Once I was converted into a Lenten Rose fan and actually started looking for them, I realized another reason why so many people like them. There are a lot of different Hellebore flowers to choose from!

Single flowered pink Lenten Rose
Single flowered pink Lenten Rose

There are single flowers.

Lenten Rose with spotted flowers
Lenten Rose with spotted flowers

Spotted flowers.

Hellebore with picotee flowers
Hellebore with picotee flowers

Picotee flowers.

Double-flowered Christmas Rose
Double-flowered Christmas Rose

Double flowers.

Purple (or Black) Hellebore
Purple (or Black) Hellebore

And even black (okay, really dark purple) ones!

With all of this selection, it’s almost impossible to stop at just one!

Beautiful Hellebore flowers
Beautiful Hellebore flowers

Plus, once they get going, they don’t look so scraggly any more 🙂

Where Can You Buy Hellebores?

Since Lenten Rose has become very popular, they are a lot easier to find than they used to be. You can even find them on Amazon* these days, although be careful that you are getting a potted plant rather than seeds, unless you want to wait 3 to 5 years for them to bloom 🙂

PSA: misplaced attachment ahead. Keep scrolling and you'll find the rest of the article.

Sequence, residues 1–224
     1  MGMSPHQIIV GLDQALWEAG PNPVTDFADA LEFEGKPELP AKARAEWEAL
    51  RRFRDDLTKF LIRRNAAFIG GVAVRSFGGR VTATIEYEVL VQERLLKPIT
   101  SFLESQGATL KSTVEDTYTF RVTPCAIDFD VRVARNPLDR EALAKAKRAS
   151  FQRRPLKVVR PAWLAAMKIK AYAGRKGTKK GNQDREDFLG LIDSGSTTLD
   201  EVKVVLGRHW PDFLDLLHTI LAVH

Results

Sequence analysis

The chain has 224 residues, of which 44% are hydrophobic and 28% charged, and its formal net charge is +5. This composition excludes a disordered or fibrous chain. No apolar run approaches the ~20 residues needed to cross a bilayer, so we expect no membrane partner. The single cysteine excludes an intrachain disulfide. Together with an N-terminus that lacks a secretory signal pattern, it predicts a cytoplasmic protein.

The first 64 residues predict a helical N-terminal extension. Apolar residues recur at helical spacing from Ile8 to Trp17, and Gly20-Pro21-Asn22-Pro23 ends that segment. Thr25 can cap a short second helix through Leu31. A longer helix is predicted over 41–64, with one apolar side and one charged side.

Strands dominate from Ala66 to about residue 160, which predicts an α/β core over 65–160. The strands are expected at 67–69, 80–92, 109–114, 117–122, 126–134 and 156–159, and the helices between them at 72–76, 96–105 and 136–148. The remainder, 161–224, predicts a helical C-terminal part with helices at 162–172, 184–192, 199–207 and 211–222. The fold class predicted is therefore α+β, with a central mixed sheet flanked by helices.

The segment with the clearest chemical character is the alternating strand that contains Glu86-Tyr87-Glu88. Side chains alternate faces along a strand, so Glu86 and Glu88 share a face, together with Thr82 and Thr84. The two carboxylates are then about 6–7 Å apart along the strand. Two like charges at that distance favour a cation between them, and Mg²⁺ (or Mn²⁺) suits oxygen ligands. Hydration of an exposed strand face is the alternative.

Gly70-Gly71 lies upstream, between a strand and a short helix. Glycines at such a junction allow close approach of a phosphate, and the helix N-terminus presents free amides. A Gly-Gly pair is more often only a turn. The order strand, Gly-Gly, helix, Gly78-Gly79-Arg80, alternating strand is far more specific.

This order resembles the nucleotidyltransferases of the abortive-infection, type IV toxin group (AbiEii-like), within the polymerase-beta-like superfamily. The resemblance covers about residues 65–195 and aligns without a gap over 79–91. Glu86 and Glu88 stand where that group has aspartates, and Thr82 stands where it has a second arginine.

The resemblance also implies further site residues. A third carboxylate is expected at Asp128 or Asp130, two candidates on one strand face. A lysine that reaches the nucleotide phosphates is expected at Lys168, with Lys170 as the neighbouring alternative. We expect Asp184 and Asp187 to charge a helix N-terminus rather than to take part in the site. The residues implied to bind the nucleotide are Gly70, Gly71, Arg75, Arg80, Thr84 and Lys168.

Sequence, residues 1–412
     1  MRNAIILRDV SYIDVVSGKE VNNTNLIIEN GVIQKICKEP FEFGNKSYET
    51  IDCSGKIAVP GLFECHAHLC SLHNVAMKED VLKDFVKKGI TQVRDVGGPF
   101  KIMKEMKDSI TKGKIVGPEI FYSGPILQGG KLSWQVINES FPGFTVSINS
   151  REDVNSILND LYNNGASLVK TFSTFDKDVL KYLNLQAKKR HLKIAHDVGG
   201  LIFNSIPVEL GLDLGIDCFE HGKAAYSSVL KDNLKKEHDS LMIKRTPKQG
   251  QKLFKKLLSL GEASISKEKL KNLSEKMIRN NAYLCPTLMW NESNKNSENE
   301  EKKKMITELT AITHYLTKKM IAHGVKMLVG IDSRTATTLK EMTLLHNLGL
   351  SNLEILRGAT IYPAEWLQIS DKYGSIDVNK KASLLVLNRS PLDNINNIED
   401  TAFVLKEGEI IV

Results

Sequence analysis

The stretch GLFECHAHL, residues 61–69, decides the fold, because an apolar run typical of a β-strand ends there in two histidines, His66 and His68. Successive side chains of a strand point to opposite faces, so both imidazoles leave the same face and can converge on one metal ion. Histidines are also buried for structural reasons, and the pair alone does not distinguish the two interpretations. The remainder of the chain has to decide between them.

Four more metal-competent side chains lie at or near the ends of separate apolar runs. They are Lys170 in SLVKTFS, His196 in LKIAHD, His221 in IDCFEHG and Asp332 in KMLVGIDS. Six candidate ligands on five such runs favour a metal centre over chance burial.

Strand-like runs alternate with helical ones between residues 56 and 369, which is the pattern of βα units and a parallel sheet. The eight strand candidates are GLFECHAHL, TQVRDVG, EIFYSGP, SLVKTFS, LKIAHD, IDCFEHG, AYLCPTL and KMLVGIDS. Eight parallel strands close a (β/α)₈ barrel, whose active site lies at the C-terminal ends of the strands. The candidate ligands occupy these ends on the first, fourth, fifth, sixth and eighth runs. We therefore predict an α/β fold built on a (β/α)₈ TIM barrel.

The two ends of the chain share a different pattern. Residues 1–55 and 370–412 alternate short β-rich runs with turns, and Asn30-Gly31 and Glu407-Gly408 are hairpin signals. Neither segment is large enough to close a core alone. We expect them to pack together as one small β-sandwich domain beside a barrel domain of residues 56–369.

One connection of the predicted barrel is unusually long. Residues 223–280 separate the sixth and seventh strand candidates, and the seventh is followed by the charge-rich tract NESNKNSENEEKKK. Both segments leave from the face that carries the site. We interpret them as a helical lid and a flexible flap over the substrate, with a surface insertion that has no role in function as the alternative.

To be sure that you are getting good quality plants that are true to color, order from my favorite online nurseries — Wayside Gardens and Spring Hill Nurseries*.

Have comments or questions on how to grow Lenten Rose? Tell us in the section below.

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9 Responses

  • I live in south Arizona, hot temps, summer 110 to 115, is posible to have that kind of plants?question, where can i get them?

    • Hi Joseph…I haven’t tried growing Hellebores in temperatures quite that high (we average in the mid-90’s where I am), but they are pretty tough plants…so you might want to try one to start with and see how it does. I have bought most of mine from Wayside Gardens, but they should have some at your local nursery.